Testimony of Robert Greenstein, Executive Director and Jim Horney, Director of Federal Fiscal Policy before the Commission on Fiscal Responsibility and Reform
June 30, 2010
Members of the Commission,
Thank you for giving us the opportunity to speak to you today.
The Center on Budget and Policy Priorities is a nonpartisan research and policy institute that focuses both on fiscal policy and on programs and policies of particular importance to low- and moderate-income Americans. We have long argued that the federal budget is on an unsustainable path under current policies — we are among the few policy institutes that regularly develop and issue long-term budget projections — and have for some time urged lawmakers to begin taking the steps necessary to deal with the problem.
So we salute the President for establishing this commission to develop a plan to improve the medium- and longer-term budget outlook. We would like to make a few suggestions about important matters for you to keep in mind as you move forward in this process.
First, we think that the President’s emphasis on the goal of stabilizing the ratio of debt held by the public to Gross Domestic Product around the middle of this decade is the right goal. Achieving that goal — which under current projections could be achieved if deficits are reduced to about three percent of GDP — would be a major accomplishment. It would send an important message to the American public and world financial markets that policymakers are serious about getting our fiscal house in order. However, putting in place policies that would achieve that goal by 2015 may prove extremely difficult for several reasons.
In addition, we would urge the Commission to keep in mind the President’s recent admonition against too much fiscal restraint while the recovery is still fragile and unemployment remains so high. It would not be wise to have significant fiscal retrenchment take effect in the next couple of years. To the contrary, the economy now badly needs the federal government to extend measures such as extended unemployment benefits and state fiscal relief; failure to do so will further weaken the economy and delay the point at which serious fiscal consideration measures can safely be instituted. This reality, combined with the usual desirability (for both policy and political reasons) of phasing in program cuts and tax increases, may make it difficult to achieve sufficient deficit reduction to hit the target by as early as 2015. Doing so may require a few additional years.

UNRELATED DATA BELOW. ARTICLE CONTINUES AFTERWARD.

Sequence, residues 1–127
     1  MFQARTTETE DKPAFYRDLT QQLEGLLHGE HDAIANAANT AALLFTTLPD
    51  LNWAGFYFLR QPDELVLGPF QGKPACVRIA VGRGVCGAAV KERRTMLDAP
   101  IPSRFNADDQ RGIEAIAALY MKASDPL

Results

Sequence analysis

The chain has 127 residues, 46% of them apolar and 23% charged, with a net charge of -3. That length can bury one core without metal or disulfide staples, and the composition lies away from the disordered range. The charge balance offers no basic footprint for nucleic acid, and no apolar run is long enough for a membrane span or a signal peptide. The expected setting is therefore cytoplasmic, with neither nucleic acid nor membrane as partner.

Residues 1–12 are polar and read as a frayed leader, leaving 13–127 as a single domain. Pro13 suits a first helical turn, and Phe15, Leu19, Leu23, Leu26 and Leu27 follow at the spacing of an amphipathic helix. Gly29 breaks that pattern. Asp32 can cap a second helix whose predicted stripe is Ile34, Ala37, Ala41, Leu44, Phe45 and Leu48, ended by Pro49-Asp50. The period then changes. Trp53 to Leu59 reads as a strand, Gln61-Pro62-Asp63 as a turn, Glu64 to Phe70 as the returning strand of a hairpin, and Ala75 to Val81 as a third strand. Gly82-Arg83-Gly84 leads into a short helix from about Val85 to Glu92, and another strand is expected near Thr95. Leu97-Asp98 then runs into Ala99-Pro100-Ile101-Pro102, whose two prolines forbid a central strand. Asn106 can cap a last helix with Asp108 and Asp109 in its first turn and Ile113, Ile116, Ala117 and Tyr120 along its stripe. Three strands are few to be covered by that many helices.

Furthermore, even aside from the problem of what year to start phasing in savings — which will depend upon the nature and pace of the recovery — it is likely to be very hard to get substantial savings by 2015 in the three biggest federal programs. In the long run, it will prove impossible to put the budget on a sustainable path if we do not significantly reduce the rate of growth of Medicare and Medicaid. (Let me note that we think the only way to do that in a sensible fashion is to slow the rate of growth of per-person health care costs systemwide — that is, to slow cost growth in privately-funded care as well as publicly-funded care.) But the recently-enacted health reform legislation included almost every measure for Medicare savings that health experts have agreed makes sense at this time; for instance, most of the proposals that MedPac — the Medicare Payment Advisory Commission — had been proposing for years were adopted as part of health reform. That legislation also included many significant provisions — research projects, pilot programs, and experiments in alternative methods or organizing and paying for health care — that should help inform policymakers about further changes in the health care system that could slow the rate of growth of health care costs in coming decades. As the results of these studies become available, further changes must be made in the health care system to slow the rate of cost growth. But we won’t have these results in time to secure significant savings by 2015, and as a result, it is hard to see how significant savings in Medicare can be achieved in time to help hit a 2015 deficit target.